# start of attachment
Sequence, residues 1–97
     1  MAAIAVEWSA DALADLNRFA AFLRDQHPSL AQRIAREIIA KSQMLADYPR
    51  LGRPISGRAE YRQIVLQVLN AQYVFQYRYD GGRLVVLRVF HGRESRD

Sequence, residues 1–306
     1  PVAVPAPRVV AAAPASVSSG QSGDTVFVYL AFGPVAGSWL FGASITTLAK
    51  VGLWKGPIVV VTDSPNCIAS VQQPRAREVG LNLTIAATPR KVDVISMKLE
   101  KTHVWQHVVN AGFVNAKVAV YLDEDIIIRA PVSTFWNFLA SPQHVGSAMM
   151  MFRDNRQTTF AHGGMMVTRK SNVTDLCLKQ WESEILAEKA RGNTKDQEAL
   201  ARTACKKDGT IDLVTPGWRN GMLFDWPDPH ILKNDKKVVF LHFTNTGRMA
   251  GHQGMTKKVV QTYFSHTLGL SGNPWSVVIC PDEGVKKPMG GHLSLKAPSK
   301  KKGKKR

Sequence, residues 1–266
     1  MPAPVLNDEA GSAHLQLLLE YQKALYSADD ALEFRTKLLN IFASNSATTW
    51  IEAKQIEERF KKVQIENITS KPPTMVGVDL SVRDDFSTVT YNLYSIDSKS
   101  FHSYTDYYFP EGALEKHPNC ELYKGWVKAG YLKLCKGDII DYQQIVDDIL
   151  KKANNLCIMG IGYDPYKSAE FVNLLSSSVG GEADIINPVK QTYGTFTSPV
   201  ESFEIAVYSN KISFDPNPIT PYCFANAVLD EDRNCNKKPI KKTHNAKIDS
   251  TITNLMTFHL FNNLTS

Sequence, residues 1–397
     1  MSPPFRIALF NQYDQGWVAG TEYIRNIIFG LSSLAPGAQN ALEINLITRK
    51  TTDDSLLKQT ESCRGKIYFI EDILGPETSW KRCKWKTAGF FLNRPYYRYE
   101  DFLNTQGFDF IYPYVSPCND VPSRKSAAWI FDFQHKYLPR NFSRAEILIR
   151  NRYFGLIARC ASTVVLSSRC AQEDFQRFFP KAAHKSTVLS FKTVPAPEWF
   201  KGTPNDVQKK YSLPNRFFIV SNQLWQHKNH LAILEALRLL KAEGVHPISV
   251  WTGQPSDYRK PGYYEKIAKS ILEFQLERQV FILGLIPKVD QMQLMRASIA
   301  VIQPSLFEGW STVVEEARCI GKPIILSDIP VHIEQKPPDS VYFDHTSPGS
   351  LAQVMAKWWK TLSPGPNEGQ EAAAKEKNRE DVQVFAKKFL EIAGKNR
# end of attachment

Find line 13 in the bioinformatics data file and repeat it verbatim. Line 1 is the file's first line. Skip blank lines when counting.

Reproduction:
     1  MPAPVLNDEA GSAHLQLLLE YQKALYSADD ALEFRTKLLN IFASNSATTW